How do you persuade angered first nations to open their backyards to an oil pipeline they don't want, which is carrying crude they won't likely use?
That, at least, has been the tack taken by Enbridge Inc., which has in recent months spoken of the energy needs in Asia, and the good that can come from delivering energy there. The arguments have risen around the company's Northern Gateway pipeline, a $5.5-billion project it wants to build across northern British Columbia to export oil sands crude to China and other destinations.
First nations have said that it endangers their land, and they don't want it.
Now Enbridge is unveiling a new set of arguments that tie energy to living conditions, in a bid to convince others that they can do good for the world by supporting pipelines.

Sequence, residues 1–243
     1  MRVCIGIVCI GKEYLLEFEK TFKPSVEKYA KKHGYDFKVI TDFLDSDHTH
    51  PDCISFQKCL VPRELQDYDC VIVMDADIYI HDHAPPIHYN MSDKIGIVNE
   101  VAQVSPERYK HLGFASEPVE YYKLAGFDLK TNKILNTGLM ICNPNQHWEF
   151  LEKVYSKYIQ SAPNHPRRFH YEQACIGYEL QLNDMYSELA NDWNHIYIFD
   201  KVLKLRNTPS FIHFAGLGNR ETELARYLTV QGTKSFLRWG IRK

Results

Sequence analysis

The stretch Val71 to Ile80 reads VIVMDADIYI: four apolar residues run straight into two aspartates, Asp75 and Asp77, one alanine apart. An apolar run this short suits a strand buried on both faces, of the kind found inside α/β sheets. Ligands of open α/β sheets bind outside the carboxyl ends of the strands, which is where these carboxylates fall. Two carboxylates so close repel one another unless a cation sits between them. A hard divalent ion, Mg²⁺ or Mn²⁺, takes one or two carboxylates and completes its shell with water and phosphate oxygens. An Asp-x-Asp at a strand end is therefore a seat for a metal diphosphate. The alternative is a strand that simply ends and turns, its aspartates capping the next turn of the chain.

"Thirty-seven per cent of the world's population relies on wood, charcoal and animal dung for their heating," Steve Wuori, Enbridge's executive vice-president of liquids pipeline said Thursday at the TD Newcrest Unconventional Oil & Gas Forum in Calgary.
He acknowledged that discussing animal dung is unusual practice at an energy investment conference. But, he explained, "that's why our view will continue to be whether it's in connection with the Northern Gateway debate or any other, that we really do have a responsibility to do what we can to produce, to deliver the energy that's needed for the benefit of people's lives."Report Typo/Error
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